Re: TPM, part 2

2007-07-02 Thread Anne Lynn Wheeler

Peter Gutmann wrote:

I have a friend who implemented a basic trusted-boot mechanism for a student
project, so we have evidence of at least one use of a TPM for TC, and I know
some folks at IBM Research were playing with one a few years ago, so that's at
least two users so far.  Anyone else?


as i've mentioned before ... we looked at somewhat similar hardware solution
(but much simpler) for the original acorn (ibm/pc code name), primarily as software piracy 
countermeasure  ... but the tamper resistant technology state of the art at the time was 
way too expensive ... and investigation was dropped. what was seen during
the 80s were things like those specially encoded floppy disks ... that had 
to be inserted when you started the application ... a couple past posts/references:

http://www.garlic.com/~lynn/2006p.html#41 Device Authentication - The answer to 
attacks lauched using stolen passwords?
http://www.garlic.com/~lynn/aadsm27.htm#9 Enterprise Right Management vs. 
Traditional Encryption Tools
http://www.garlic.com/~lynn/2007m.html#20 Patents, Copyrights, Profits, Flex 
and Hercules

in the late 90s i would periodically chide the TPM folks about what
they were doing ... and at an assurance talk i gave in the trusted computing
track at intel developers forum (spring 2001), i chided the guy running
the effort (was sitting in the front row) that it was nice to see that 
over the previous couple yrs that TPM had started to look more  more

like the AADS chip strawman. his retort was something about it being
because I didn't have a committee of couple hundred people helping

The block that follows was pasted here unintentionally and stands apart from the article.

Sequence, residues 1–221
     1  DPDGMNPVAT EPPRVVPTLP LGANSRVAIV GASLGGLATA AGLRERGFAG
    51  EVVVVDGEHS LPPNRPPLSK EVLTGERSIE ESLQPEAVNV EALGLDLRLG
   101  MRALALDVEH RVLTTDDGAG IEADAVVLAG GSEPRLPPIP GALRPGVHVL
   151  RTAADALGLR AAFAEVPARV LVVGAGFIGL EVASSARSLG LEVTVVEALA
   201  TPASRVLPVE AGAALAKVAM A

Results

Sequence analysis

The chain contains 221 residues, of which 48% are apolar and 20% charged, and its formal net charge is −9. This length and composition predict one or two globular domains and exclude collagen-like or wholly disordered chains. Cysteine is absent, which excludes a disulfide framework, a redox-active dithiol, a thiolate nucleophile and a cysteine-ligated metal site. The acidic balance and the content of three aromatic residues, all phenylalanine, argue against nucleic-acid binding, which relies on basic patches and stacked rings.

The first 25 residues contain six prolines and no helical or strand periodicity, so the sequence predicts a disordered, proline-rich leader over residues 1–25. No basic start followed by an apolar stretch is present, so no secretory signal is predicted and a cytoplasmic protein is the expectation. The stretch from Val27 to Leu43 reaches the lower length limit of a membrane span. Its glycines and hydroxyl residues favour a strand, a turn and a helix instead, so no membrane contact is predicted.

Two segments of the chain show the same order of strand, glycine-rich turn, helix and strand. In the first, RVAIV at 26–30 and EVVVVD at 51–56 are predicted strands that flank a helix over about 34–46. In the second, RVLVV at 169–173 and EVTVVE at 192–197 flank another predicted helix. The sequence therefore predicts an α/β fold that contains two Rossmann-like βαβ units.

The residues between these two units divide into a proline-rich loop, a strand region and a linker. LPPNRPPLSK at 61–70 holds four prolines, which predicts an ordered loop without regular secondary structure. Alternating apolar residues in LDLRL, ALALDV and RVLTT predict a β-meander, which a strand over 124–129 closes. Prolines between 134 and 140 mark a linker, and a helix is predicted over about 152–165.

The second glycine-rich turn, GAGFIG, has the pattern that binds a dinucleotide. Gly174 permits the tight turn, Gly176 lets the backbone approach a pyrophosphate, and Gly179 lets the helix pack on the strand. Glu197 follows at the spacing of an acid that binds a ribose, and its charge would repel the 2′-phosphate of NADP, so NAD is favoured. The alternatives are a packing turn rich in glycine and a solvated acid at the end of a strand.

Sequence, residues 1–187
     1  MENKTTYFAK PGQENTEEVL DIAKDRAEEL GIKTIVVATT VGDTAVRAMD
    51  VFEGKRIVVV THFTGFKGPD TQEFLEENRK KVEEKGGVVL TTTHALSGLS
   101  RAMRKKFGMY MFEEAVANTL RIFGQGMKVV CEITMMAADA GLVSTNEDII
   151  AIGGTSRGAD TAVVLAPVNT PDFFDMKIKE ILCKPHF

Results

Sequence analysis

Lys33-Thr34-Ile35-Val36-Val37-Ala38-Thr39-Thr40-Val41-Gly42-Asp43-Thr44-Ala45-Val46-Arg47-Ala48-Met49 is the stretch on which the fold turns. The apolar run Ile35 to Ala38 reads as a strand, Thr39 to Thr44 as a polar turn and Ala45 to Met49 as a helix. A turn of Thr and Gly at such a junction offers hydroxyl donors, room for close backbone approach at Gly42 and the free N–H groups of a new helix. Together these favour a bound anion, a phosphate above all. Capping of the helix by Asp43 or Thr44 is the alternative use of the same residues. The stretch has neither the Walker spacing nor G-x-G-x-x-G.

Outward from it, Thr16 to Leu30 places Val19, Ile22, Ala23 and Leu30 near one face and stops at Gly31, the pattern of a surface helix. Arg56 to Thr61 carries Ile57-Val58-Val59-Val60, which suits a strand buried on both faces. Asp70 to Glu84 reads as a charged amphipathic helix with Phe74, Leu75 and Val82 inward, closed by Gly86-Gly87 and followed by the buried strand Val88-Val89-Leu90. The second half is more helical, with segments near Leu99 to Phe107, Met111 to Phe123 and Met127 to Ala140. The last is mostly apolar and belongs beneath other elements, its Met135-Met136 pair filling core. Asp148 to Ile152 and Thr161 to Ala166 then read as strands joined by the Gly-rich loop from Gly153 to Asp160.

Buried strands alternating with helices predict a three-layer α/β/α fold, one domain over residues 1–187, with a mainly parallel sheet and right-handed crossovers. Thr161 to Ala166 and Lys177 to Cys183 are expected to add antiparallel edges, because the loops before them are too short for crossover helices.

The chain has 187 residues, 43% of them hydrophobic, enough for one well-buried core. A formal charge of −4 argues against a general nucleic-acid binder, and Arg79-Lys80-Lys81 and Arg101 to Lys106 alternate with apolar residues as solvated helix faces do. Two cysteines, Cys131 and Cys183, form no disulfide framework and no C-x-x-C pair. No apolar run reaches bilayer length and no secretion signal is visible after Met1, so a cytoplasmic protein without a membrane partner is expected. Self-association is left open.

me with (my) chip design. 


misc. past posts mentioning aads chip strawman
http://www.garlic.com/~lynn/x959.html#aads

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Re: TPM, part 2

2007-07-01 Thread Peter Gutmann
Leichter, Jerry [EMAIL PROTECTED] writes:

All your data belong to us.  From Computerworld.

Trusted Computing Group turns attention to storage

I think it's more like There must be some business case for these things
somewhere, surely.  Let's try a breadth-first search

David G. Koontz [EMAIL PROTECTED] writes:

Even conservatively there is in the tens of millions of these devices sold,
although we have no indication how many were actually used for Trusted
Computing purposes.

I have a friend who implemented a basic trusted-boot mechanism for a student
project, so we have evidence of at least one use of a TPM for TC, and I know
some folks at IBM Research were playing with one a few years ago, so that's at
least two users so far.  Anyone else?

Peter.

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Re: TPM, part 2

2007-07-01 Thread Daniel Schroeder

Peter Gutmann wrote:

Leichter, Jerry [EMAIL PROTECTED] writes:

  

All your data belong to us.  From Computerworld.

Trusted Computing Group turns attention to storage



I think it's more like There must be some business case for these things
somewhere, surely.  Let's try a breadth-first search

David G. Koontz [EMAIL PROTECTED] writes:

  

Even conservatively there is in the tens of millions of these devices sold,
although we have no indication how many were actually used for Trusted
Computing purposes.



I have a friend who implemented a basic trusted-boot mechanism for a student
project, so we have evidence of at least one use of a TPM for TC, and I know